COMMENT
Don't you hate when things won't work for no apparent reason or when a straight forward plan fails miserably?

Like a password that suddenly won't work. A Sky TV message saying "atmospheric conditions have prevented your viewing" when it's a cloudless day. Getting a court fine for an unpaid parking ticket that you have never seen before. Car keys that you put down and minutes later they've disappeared off the face of the Earth. A winning recipe that you've successfully cooked numerous times turns into a hideous curdled gruel minutes before you serve it up to group of newly acquainted, expectant guests. The grey of my hair starting to match that of my face. A mobility scooter that decides to go at snail's pace at a major road crossing in torrential rain.

All of these events have the potential to make one break out into an uncontrollable fit of pique, raging to the heavens to explain "WHY MUST I ENDURE THIS @#$%^&!!".

That's how immigrants must feel when one of their family members has their residency application turned down on the basis of disability.

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This week a Balclutha family were on the brink of having to leave their home they had lived in for 11 years due to an Immigration New Zealand deportation order. The father had moved to New Zealand in 2007 and his wife and son joined him in 2008. In 2016, Mrs Begum (the wife) had a severe stroke while working as at New World Balclutha. She now uses a wheelchair.

Visas went on to be renewed, without pause, in both 2017 and 2018. In their latest visa application Mrs Begum's application was turned down due to Immigration New Zealand's health requirements, with further medical tests needed before they could decide on her visa. She failed the tests and a deportation order followed.

The predicament this family were in makes my aforementioned irritations trivial. The caps lock was on for the password. The TV was turned on and off and then Sky TV worked. The keys were in my pocket. My daughter confessed to the parking ticket. The barbecue can always be fired up as a plan B to the winner recipe.

The Balclutha family had a last-minute reprieve with the help from Clutha-Southland MP Hamish Walker and New Zealand First list MP Mark Patterson who registered separate appeals with the office of Associate Immigration Minister Poto Williams for compassionate intervention in the case.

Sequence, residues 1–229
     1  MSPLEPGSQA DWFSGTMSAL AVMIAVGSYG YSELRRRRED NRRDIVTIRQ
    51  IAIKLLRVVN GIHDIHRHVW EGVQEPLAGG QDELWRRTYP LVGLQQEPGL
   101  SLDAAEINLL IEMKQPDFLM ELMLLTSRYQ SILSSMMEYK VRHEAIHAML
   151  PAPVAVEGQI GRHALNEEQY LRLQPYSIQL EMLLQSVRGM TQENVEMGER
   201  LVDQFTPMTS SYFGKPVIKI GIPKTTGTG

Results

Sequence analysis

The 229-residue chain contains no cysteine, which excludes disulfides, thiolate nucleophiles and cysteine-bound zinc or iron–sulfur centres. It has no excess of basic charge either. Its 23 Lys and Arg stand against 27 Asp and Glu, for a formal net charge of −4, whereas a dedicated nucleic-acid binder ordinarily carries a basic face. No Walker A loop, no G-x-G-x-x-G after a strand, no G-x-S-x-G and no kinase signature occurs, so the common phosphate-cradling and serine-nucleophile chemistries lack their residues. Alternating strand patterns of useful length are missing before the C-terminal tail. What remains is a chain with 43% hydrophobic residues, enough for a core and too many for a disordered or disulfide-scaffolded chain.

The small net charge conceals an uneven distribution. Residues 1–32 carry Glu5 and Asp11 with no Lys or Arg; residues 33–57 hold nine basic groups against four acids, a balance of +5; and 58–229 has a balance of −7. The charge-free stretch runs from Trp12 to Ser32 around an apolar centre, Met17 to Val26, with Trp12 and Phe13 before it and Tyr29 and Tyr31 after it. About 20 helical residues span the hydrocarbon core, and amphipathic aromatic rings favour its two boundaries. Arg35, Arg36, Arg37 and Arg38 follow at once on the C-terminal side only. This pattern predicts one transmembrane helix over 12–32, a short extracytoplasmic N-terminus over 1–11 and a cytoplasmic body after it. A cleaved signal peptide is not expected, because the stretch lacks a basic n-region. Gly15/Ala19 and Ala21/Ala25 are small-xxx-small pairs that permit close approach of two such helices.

The reprieve, however, may be short-lived as an Immigration New Zealand spokeswoman confirmed no compliance action was being taken "at this time", and declined to comment further as the request for ministerial intervention had been received.

This immigration policy put a filter on people who could apply for permanent residency in Godzone. It was designed to stop people who would be a "burden" on our society and the taxpayer from sucking us dry. Included in the criteria is a section on health issues so that, in particular, non-New Zealand residents would not be able to drain our much coveted free health service.

It seems to me that Immigration New Zealand decides what "significant support" entails. This is a somewhat nebulous concept. Everyone will require significant support at some stage, especially at the start and the end of their lives. It is part and parcel of the human condition.

In New Zealand we have the Human Rights Act which outlaws discrimination on the grounds of gender, ethnicity, religion, sexual preference and disabilities. However, this law is full of loopholes when it comes to government and national interests.

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Luckily we have a system that can bend and flex to accommodate individual cases. We have mechanisms with which to challenge inhumane decisions, and politicians willing to stick their neck out when they see injustice happening.

It is these shades of grey that make a functioning democracy. Black and white thinking rarely suffices to ensure we treat people with equity rather than equally. Yes, in New Zealand we have the capacity to recognise and respond to 50-plus shades of grey – and I'm not talking about my hair.

❏ Jonny Wilkinson is the CEO of Tiaho Trust - Disability A Matter of Perception, a Whangarei-based disability advocacy organisation.